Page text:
4.  “You Got The Silver” off LET IT BLEED.  Keith Richards may be a rocker but he’s got the soul of a country artist.  In fact, my all-time favorite Rolling Stones affectation is when they do a country song. “You Got The Silver” is a mix of country and dirty blues, it’s simple but damn earnest.  I still get chills when I hear it to this day.

5. “Coming Down Again” off GOATS HEAD SOUP.  A gentle piano ballad sung by Keith Richards? Yep.  Add a knowing nod to drug abuse and you’ve got yourself a fantastic song.

6.  “Little T&A” off TATTOO YOU.  People give TATTOO YOU a lot of grief, and while it’s not the best Rolling Stones album it does have this tight little gem on it.  Many considered Richards past his prime by 1981, but Richards proves on this track that he’s just as spry as ever.

7.  “Locked Away” off TALK IS CHEAP.  Another Keith Richards-solo track, “Locked Away” almost sounds like a serious Traveling Wilbury’s song.  Richards is full of self-doubt and this track which also makes reference to prison/jail which like death has always loomed threateningly over the guitarist.

8. “Hurricane” off VINTAGE VINOS.  A short little acoustic bonus track recorded during 2002, “Hurricane” finds a creaky-voiced Richards quietly singing with just a guitar.  Even though it’s just a short, dashed-off track the song is endlessly compelling.  I think it’s the world-weary voice.  Keith sounds sound beaten it’s kinda heartbreaking.

9. “We Had It All” a bonus track recorded during the SOME GIRLS sessions. Another bonus track, “We Had It All” is a gentle ballad drenched with regret and sorrow.  Not quite country, not quite blues, the song wasn’t right for SOME GIRLS but it’s still really good.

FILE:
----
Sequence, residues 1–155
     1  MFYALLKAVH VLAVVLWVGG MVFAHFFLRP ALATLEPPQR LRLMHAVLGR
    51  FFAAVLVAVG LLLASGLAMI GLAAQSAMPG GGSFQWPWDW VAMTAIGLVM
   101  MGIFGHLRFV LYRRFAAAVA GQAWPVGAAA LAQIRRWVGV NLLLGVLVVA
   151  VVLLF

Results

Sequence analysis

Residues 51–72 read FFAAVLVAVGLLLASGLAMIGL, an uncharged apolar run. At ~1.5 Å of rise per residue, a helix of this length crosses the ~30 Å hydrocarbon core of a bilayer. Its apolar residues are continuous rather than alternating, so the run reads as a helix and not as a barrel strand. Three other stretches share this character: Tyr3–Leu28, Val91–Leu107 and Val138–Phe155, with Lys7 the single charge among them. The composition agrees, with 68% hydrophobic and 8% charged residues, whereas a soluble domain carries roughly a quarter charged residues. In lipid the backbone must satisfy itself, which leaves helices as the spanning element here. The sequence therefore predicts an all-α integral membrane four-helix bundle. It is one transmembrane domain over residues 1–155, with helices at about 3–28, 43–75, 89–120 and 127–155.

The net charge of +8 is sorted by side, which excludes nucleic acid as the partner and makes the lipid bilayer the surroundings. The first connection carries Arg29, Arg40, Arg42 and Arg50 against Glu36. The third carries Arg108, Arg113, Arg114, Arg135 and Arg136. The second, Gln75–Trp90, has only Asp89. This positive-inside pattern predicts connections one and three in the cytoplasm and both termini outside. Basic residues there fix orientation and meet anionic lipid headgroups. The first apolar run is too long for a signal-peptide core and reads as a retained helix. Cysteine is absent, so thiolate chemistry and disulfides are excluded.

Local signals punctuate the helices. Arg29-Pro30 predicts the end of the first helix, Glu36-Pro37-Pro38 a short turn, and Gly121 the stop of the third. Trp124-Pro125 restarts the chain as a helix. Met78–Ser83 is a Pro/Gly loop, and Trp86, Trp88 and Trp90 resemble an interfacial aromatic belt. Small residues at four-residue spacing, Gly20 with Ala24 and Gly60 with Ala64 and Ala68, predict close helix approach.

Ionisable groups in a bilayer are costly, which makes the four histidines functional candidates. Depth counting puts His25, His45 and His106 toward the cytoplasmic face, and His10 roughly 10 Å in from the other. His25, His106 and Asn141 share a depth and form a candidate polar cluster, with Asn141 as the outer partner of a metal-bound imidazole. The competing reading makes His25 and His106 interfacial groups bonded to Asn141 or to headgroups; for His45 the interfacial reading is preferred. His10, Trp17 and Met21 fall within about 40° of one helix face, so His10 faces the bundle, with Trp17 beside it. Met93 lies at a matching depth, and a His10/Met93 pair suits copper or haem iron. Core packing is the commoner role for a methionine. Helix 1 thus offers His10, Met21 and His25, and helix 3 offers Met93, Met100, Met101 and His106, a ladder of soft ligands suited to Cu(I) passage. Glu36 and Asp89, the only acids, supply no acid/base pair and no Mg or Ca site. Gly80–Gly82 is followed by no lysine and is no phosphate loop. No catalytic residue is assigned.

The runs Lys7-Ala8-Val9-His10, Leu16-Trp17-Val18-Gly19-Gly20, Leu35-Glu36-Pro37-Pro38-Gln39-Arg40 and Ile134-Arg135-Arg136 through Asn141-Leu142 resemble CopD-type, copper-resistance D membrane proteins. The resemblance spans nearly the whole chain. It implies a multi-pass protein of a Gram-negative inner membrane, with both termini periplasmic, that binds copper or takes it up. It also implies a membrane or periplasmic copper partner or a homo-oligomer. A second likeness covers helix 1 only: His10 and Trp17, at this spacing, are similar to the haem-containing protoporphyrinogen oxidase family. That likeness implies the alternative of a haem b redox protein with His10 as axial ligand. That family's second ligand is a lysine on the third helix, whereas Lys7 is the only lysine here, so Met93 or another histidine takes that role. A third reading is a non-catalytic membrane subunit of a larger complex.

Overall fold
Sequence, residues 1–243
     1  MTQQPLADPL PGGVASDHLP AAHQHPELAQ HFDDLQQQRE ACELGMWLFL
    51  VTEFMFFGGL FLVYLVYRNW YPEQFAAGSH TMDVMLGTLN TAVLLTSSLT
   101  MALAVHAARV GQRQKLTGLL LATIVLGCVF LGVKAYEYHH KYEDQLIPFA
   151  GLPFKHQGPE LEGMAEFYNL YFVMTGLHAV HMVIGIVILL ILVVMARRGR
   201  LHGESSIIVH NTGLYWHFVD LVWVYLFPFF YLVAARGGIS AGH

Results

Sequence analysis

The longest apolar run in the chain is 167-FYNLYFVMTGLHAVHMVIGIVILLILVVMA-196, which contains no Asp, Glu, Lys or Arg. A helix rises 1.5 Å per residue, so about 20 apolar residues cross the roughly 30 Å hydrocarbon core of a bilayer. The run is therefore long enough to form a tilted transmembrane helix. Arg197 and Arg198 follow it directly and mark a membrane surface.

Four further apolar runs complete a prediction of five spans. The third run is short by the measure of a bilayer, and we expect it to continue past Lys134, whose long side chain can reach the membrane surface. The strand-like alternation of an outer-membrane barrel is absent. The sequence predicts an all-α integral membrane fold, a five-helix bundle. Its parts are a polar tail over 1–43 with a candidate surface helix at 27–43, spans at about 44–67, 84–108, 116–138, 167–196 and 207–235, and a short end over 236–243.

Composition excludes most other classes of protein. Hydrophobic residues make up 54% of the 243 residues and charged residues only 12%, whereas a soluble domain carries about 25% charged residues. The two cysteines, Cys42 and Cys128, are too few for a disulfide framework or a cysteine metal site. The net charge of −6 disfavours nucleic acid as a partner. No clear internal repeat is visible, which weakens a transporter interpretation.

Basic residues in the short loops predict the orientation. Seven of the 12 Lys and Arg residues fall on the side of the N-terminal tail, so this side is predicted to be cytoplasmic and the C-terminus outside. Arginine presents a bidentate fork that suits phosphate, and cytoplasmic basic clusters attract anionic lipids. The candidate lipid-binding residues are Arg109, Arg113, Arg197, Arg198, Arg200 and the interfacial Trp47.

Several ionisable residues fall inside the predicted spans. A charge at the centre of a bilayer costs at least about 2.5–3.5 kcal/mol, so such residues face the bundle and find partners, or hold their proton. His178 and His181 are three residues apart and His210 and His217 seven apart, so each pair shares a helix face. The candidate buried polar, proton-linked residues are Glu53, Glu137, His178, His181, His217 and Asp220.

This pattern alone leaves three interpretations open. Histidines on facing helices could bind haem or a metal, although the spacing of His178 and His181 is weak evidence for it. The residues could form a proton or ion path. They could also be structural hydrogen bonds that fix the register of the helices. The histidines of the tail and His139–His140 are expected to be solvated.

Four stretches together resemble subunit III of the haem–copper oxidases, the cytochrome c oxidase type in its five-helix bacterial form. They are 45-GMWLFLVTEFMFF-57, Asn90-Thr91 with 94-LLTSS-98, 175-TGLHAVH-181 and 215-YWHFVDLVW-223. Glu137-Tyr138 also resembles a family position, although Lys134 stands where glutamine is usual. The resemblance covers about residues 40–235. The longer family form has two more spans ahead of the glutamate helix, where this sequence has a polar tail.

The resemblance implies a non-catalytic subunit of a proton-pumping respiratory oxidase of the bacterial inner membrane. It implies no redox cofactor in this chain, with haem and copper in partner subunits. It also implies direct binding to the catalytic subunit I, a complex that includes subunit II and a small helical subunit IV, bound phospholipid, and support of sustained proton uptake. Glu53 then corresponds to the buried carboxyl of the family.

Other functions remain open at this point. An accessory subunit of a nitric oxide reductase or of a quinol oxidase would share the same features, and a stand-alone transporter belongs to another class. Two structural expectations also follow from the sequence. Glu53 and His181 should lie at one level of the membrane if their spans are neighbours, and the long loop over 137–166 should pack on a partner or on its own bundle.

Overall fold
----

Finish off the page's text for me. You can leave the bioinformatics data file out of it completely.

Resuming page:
10. “This Place Is Empty” off A BIGGER BANG.  The most recent track on my list, this song also has the roughest sounding Keith Richards vocals.  It’s a little creepy to hear old-man Richards ask his lady to “bare your breasts” I’ll admit, but this is a good song.  The song’s I-miss-you sentiment pairs well with Richards voice and somewhat halting delivery.

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Rock ‘n Read: Some Girls (33 1/3)

I recently finished Cyrus Patell’s book on The Rolling Stones 1978 album SOME GIRLS.  Patell’s book is part of the 33 1/3 series, which for those of you unfamiliar, are short little books written by one author and are dedicated to one classic album.  It’s basically a long-form version of my Classic Albums Revisited posts, which I once did on this very albumThis is the third or fourth book in the series that I’ve read, though currently there are 80+ books in the series.  The 33 1/3 series covers more than just classic rock, there are rap, metal, and country albums in the series as well.

3313somegirls